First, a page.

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September 2001 - Nr. 9


The Editor
Antje berichtet
German Day
Klaus Hofer reports
Views & Reviews
Down On The Town
Brief aus Kanada
Steuben Parade
Sascha Lutz reports
Film Fest Preview
Crown's Party
Crown's Anniversary
Dick reports...
Sybille reports
Ham Se det jehört?
Dietrich's 100th
Restore Rhine

New Initiative to Restore Rhine Ecosystems

  TWIG - The environment ministers of Germany and four of its neighbours have launched a new program to restore the ecological function of the Rhine. The initiative "Rhine 2020" will aim to revive former flood plains and protect valuable ecosystems over the next twenty years. The cost of the program is expected to reach 12 million euro." It’s mainly about the protection of the population downriver," says Jean Wencker of the French conservation organization Alsace Nature. An observer for the International Commission for the Protection of the Rhine (IKSR), formed by Germany, Switzerland, France, Luxembourg and the Netherlands, Wencker says the floods of 1993 and 1995 were catastrophic for the Netherlands. The flooding can be traced to the straightening of the upper Rhine, he said, which improves shipping conditions but also allows rising waters to flow downstream more rapidly.

One goal of the new program is to lower the peak water levels in the straightened riverbed below Baden-Baden by 70 centimetres. The plan also includes measures for protecting groundwater, improving the Rhine’s water quality and restoring the ecosystems that once flanked the river. Wencker says the plan to reduce flooding can only succeed if the Rhine valley’s wetlands are rejuvenated. The vegetation would help curb flooding and serve as a natural filter and purifier, he explained.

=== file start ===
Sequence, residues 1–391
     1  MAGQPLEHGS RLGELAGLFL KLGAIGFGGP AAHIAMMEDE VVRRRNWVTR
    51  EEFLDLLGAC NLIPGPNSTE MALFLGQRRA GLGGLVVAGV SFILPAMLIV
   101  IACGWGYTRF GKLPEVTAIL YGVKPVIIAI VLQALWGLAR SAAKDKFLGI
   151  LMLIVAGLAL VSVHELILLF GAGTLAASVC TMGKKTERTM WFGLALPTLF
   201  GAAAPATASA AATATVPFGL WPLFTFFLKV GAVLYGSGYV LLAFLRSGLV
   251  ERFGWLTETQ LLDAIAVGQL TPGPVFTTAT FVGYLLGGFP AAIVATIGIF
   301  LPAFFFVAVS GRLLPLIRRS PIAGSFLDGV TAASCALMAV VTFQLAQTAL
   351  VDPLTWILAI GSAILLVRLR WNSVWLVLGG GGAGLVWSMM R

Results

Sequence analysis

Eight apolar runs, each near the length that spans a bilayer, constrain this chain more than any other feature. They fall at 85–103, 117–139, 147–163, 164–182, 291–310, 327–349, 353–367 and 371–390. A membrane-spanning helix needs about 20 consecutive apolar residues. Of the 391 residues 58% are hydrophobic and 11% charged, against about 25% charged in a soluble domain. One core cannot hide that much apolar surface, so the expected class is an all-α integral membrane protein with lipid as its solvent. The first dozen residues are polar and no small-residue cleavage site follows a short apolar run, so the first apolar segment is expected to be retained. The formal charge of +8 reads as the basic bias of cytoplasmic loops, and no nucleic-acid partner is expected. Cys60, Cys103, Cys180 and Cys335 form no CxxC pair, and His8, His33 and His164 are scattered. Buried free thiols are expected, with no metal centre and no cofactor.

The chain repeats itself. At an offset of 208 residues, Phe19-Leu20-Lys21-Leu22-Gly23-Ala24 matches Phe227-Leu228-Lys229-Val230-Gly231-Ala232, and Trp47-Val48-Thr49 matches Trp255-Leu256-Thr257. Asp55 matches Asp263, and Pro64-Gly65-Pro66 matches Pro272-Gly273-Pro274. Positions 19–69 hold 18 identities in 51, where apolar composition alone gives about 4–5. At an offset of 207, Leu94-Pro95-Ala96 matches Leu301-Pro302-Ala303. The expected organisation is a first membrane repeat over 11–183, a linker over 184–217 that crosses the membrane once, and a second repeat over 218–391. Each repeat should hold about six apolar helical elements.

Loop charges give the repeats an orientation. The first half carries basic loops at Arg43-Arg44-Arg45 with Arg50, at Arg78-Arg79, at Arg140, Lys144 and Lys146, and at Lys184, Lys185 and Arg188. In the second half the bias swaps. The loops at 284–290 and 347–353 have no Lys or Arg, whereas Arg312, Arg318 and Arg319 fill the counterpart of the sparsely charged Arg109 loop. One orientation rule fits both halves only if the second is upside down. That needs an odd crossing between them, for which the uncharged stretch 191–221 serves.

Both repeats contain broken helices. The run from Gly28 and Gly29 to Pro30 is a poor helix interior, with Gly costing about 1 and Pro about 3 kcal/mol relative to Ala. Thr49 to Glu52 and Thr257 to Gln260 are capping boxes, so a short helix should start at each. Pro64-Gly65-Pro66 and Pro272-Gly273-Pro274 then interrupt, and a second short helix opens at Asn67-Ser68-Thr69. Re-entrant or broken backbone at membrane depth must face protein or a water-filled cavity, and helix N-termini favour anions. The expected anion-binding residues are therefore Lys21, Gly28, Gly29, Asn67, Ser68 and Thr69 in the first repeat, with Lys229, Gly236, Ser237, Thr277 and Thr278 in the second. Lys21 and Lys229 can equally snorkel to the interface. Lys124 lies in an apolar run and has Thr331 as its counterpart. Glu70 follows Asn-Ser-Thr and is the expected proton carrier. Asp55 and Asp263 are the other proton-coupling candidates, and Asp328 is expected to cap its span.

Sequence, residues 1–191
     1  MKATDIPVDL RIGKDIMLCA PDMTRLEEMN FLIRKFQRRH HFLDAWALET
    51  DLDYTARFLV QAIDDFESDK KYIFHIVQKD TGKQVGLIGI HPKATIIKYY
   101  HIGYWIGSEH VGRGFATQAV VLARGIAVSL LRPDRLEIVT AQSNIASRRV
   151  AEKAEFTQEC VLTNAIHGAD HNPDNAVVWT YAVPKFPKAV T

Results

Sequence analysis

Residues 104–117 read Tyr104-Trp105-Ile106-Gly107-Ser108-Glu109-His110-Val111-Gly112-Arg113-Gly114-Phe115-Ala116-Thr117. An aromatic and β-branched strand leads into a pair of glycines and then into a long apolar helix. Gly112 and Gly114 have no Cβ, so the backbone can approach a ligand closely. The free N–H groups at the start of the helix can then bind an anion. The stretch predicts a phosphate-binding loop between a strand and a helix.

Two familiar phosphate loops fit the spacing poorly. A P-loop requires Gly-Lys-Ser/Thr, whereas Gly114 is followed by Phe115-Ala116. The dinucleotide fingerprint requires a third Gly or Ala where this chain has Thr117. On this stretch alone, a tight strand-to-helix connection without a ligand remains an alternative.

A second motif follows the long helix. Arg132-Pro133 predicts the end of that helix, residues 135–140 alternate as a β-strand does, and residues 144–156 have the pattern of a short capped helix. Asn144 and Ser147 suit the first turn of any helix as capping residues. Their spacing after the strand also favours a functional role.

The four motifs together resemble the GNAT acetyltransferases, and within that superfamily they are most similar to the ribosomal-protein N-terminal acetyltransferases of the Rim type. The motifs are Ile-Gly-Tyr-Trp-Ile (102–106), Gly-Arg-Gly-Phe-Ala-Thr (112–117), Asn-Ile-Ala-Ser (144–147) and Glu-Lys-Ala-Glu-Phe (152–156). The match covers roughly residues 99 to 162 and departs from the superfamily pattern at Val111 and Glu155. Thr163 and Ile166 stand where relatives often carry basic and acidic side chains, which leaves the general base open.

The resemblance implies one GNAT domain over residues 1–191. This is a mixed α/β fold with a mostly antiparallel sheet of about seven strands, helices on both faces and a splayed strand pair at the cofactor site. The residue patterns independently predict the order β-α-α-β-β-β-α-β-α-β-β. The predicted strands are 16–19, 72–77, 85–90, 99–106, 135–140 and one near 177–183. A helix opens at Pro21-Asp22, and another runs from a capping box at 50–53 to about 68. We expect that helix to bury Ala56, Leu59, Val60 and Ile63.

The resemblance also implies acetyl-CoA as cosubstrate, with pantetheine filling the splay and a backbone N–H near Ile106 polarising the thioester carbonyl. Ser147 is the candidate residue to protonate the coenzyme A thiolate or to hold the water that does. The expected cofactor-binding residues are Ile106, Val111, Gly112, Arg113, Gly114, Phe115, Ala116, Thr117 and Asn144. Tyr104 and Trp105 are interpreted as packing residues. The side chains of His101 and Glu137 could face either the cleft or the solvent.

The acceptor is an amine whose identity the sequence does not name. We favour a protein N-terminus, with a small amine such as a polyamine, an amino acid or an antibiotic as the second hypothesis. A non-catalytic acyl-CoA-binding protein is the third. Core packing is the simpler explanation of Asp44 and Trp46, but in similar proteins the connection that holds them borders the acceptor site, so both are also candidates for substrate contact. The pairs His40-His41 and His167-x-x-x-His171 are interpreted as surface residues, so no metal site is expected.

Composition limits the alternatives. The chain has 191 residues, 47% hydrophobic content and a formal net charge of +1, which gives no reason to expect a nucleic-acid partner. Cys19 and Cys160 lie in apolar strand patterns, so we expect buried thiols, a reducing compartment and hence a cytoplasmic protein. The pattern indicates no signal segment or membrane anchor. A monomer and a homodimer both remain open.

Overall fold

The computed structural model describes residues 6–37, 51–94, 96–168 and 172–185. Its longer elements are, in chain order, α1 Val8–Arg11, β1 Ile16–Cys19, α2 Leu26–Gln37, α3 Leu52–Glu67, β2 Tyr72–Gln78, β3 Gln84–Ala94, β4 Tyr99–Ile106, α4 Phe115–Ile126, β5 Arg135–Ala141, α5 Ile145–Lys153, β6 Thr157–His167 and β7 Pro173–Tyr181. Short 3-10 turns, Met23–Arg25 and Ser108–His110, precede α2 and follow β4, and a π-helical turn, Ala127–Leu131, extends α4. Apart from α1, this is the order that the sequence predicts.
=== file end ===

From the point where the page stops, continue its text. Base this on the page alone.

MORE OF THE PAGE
The German environmental organization NABU has praised Rhine 2020 but says it runs the risk of being whittled down. "The proposal that was approved on Monday gave up quite a bit in the way of substance, enforceability and political meaning," remarked NABU spokesman Klaus Markgraf-Maue. What is still needed is a concrete strategy for reconciling the revival of the Rhine’s ecology with its use as a transportation route. In the past few months, he added, the last free-flowing stretches of the upper Rhine have lost their protected status. That decision would have to be reversed for progress to be made.


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